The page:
A web application firewall can protect against variety of application layer attacks, OWASP Top 10 as well as zero-day threats. Zero day threats are essentially unknown vulnerabilities, which makes protecting against them difficult but essential and a comprehensive web application firewall can do that.
Acting as a reverse proxy, the HaltDos Web Application Firewall inspects every incoming request to detect and block inbound attacks while inspecting response traffic in order to prevent loss of sensitive data such as credit card details, passwords, social security numbers, etc.
No, we don’t host your website. We act as an intermediary for all your incoming traffic. All the traffic that coming to your website will be passed through our secure network but will be sent directly to your host / web server.
Reflecting our experience in application security, Haltdos’s WAF supports many advanced security measures that give extra protecting measures. These include:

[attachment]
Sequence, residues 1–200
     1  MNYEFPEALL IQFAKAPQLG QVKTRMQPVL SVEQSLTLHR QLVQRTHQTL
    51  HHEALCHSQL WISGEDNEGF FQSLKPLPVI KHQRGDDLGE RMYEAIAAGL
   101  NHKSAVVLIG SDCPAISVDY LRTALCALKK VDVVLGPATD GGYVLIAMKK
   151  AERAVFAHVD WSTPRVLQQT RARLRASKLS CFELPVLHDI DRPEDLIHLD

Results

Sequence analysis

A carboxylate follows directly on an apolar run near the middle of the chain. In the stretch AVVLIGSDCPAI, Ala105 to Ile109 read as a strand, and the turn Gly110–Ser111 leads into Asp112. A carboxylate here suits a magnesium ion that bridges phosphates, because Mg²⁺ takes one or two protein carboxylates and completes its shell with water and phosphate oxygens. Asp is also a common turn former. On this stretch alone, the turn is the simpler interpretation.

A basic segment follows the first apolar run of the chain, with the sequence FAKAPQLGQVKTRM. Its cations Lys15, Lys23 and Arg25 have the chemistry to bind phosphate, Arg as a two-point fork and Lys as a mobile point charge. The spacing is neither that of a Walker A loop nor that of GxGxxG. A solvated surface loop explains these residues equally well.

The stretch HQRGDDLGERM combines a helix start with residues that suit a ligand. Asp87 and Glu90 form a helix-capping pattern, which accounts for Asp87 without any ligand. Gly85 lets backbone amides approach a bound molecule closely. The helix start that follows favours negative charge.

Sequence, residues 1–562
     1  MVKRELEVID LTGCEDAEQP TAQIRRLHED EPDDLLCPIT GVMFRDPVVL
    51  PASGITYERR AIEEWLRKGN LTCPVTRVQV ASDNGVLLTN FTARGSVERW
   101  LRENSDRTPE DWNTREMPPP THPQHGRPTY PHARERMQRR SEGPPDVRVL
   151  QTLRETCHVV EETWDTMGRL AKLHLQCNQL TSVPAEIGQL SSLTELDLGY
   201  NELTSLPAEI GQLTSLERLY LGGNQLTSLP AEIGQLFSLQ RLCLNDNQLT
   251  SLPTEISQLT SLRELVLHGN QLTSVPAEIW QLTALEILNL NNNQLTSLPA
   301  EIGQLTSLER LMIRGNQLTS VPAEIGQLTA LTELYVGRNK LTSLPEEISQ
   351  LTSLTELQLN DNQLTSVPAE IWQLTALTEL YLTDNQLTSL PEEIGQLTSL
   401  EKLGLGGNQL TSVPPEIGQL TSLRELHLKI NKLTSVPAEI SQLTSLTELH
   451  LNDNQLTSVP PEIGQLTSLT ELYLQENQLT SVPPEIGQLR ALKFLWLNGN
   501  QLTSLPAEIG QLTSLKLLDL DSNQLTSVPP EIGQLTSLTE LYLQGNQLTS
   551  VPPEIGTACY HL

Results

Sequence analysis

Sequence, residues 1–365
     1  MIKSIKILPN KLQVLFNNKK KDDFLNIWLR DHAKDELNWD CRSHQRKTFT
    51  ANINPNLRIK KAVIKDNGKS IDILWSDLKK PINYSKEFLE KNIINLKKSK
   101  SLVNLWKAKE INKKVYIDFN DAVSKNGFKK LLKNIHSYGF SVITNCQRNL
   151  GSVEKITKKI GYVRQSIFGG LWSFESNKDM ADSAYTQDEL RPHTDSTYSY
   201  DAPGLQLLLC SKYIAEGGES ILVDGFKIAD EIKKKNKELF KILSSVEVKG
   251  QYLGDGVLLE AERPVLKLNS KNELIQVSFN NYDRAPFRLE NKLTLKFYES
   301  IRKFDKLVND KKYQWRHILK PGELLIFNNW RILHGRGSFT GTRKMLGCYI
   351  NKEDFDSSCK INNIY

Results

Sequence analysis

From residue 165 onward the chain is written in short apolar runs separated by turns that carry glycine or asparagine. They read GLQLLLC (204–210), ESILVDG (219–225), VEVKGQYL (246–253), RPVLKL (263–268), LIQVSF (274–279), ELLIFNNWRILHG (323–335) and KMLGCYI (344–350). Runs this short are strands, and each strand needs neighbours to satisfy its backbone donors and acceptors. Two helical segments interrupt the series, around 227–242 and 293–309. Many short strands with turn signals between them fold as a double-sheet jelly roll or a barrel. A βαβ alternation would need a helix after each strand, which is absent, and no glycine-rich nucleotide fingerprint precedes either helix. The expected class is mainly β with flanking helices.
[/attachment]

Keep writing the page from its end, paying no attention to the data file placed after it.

Yes. Haltdos Web Application Firewall is certified by the PCI Security Standards Council. It provides cost-efficient compliance with PCI DSS requirement 6.6 without any changes to your application.
Yes, the Firewall plans offer different SLA's depending on your plan. They range from 8 support hours per day to full 24-hour support.
A WAF examines both the Hyper Text Transfer Protocol (HTTP) request methods/types: GET and POST requests. GET requests are basically when a user tries to access your website/web application and POST requests are basically when your application sends a response to a user’s GET request.
A web application firewall distinguishes legitimate and illegitimate traffic based on the rules that are configured.